Rayden shrugged and took a sip. "So what's wrong with Sonya?"
"She--" Jax seemed to steel himself. "She bought it a few days ago. We were on leave last week, and--"
"Bought it?" Rayden repeated. "Bought what?"
"She's dead!" Jax shouted. Rayden looked taken aback. "Sonya. Is. Dead. I came here as soon as I could, to tell Liu; I thought he ought to know, since he and Sonya were so close."
"Ah," the thunder god said, after a long pause and a sip of coffee. "I see."
"That's good, 'cause I sure as hell don't," Jax muttered, getting off the sofa and starting to pace back and forth. "I've been replaying it over in my mind--wait a second--what exactly do you 'see'?"
"What the fuss was about," Rayden replied, easily, simply, calmly, still drinking his coffee. "We could sense your agitation from miles away."
"We? Oh, right, Hiko." Jax shook his head. He had to remember about the god's wife; it wouldn't be polite or prudent to forget her. He sighed.
"Hiko actually noticed before I did," Rayden admitted, almost sheepishly, "but then I wasn't really paying any attention, I've been helping with the monk's training..." He trailed off and shook his head. "Never mind that. Hiko's with Liu. I'll get her to bring him, and we can all discuss this--"
"There's nothing to discuss," Jax snapped, suddenly, irritated and frustrated beyond tolerance. "Sonya's dead and I--"
He was interrupted by a flash of light as an orange and red ringed portal opened; Liu stepped through and then Hiko. The portal closed neatly around her.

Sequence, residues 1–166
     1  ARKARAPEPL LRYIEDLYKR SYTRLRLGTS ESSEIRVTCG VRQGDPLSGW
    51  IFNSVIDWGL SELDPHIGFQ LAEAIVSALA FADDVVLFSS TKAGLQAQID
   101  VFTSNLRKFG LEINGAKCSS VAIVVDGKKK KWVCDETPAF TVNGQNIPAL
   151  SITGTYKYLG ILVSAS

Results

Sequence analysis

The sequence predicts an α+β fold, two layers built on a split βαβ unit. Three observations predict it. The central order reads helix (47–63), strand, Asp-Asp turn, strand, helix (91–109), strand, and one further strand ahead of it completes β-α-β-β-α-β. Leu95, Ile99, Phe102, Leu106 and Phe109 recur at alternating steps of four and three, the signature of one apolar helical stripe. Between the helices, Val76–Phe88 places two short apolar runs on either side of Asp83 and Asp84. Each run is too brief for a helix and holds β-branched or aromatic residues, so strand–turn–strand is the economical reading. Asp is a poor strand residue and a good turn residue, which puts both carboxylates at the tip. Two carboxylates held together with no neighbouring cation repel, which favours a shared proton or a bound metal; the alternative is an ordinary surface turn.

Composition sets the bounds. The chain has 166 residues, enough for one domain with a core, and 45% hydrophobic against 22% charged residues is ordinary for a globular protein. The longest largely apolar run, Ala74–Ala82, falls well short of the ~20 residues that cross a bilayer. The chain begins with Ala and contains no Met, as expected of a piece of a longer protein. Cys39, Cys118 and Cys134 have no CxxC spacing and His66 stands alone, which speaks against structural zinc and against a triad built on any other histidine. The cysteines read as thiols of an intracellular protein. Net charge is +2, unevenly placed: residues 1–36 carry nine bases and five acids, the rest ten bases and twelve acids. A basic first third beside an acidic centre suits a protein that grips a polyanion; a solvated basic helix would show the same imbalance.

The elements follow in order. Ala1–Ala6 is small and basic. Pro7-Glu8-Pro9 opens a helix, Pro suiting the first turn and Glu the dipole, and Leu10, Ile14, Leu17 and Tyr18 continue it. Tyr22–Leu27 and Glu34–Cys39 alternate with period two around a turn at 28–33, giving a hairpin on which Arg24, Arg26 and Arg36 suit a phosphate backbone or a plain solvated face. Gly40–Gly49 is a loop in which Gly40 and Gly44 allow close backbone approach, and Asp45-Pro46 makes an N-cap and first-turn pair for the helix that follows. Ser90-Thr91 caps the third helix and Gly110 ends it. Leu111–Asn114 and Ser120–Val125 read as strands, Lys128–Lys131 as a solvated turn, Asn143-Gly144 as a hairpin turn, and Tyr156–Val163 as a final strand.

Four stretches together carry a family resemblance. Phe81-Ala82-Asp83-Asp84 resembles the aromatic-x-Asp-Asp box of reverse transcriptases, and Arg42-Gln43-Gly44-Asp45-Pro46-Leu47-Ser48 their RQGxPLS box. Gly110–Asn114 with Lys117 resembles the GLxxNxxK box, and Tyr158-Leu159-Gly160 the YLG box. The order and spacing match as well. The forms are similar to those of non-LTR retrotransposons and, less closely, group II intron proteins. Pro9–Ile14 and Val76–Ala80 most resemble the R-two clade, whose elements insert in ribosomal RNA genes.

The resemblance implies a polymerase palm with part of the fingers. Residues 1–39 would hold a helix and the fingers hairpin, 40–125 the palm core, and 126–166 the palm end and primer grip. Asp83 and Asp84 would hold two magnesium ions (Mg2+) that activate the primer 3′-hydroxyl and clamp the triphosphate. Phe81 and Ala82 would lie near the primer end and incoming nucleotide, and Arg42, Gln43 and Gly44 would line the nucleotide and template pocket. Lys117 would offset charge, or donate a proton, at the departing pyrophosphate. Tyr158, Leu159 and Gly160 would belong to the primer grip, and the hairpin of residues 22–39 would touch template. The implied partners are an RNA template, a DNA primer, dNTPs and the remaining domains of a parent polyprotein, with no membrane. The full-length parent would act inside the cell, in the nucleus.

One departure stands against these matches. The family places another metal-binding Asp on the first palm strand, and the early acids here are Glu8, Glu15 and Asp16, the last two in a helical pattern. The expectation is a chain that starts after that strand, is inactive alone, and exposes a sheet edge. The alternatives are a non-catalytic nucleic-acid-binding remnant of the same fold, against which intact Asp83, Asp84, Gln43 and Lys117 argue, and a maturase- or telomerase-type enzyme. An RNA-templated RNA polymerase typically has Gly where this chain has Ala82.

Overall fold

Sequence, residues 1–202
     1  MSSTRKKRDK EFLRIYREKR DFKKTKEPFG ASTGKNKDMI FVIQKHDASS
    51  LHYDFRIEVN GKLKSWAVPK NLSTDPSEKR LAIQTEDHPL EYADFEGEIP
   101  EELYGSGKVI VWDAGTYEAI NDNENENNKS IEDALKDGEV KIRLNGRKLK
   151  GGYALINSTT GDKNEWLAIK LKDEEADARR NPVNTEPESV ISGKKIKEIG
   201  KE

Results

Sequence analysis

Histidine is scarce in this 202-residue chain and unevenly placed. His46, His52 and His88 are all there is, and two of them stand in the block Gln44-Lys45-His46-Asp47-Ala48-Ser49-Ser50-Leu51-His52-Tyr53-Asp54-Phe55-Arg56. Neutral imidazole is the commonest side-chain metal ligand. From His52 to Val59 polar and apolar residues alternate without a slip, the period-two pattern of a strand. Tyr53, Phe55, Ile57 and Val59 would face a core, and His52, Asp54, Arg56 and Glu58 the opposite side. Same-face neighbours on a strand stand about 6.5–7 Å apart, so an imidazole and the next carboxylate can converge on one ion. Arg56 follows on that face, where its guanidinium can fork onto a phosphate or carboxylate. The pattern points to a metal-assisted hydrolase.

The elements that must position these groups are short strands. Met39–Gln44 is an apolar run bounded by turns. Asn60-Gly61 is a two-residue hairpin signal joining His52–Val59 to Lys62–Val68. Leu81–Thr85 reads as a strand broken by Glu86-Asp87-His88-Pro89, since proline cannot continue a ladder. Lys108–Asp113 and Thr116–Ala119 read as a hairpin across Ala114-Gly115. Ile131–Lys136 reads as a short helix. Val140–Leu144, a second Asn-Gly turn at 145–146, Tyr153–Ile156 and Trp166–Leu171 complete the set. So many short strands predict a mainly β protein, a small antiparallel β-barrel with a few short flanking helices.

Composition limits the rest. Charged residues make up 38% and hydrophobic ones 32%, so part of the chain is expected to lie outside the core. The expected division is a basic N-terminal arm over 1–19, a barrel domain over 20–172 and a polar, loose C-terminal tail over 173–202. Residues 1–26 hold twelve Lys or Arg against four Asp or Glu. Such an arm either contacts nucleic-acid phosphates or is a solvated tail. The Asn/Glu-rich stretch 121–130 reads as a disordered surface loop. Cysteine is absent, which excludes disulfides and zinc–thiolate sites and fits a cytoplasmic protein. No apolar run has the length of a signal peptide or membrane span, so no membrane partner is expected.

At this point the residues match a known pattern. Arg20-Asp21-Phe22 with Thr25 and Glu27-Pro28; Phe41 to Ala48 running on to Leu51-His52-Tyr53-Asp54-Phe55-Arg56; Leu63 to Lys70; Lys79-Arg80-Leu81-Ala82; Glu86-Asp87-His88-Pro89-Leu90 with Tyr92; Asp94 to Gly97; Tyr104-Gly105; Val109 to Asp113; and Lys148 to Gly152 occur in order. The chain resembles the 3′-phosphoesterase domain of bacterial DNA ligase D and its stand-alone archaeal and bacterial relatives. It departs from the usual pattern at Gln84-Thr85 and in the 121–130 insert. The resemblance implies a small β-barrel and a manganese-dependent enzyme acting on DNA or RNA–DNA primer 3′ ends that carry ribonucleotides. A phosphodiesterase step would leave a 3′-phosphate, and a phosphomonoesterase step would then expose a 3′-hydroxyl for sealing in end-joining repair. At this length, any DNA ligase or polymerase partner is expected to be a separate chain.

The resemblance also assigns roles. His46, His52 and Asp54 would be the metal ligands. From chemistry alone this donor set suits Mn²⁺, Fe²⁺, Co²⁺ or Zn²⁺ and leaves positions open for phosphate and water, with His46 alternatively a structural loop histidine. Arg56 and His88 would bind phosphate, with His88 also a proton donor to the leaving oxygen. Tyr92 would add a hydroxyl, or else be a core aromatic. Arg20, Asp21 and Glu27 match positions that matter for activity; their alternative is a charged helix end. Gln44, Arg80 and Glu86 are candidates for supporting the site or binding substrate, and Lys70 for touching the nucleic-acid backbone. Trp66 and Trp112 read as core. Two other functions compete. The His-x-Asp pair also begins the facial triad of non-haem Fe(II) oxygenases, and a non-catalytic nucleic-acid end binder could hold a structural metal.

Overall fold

"And you what?" Liu asked, curious. "It's nice to see you again, Jax."
"It's nice to see you too, Liu," Jax answered, hollowly, at a loss for words. Hiko, meanwhile, crossed over to the sofa and sat down neatly on Rayden's lap, taking care not to spill his coffee. He didn't look upset.
"Was I right?" she asked him. He nodded, and she turned to look at Jax. The captain realised that Liu was staring at him as well. He was center stage now. Time for the speech.
"I--" He had gone over what to say; he had prepared something and it was gone. Completely. Out of his head. "Sonya--is dead."
Hiko and Liu stared at him, uncomprehending, unblinking. "What?" Liu stuttered, shocked.
"That's absurd," Hiko replied, a moment later. She looked to Rayden. "It's absurd, isn't it?"
"Hiko," Jax said patiently, as calmly as he could, "I didn't make this up, and I didn't come all this way to tell you something like this if I didn't absolutely believe it. Sonya--" he paused for breath, "--is dead."
Liu just stood.
Hiko's eyes widened, and she turned back again to her husband. "Rayden?"
"He's got nothing to do with it--" Jax began, frustrated, but the god cut him off.
"Actually," Rayden began quietly, "Hiko's right. It is absurd. Sonya's alive and well."
"No." Jax shook his head. "Much as I'd like to believe that, it isn't possible. I saw it--"
"You actually saw her die?" Liu asked. "I mean, did you see a body? I've never known Rayden to be wrong about something like this."
"I'm not wrong," Rayden added. Hiko shushed him.
"I didn't see a body, no," Jax admitted, "but I saw what I saw. She couldn't have survived."
Hiko frowned. "Well, what happened? Let's start with that." Jax nodded, took a deep breath, and began.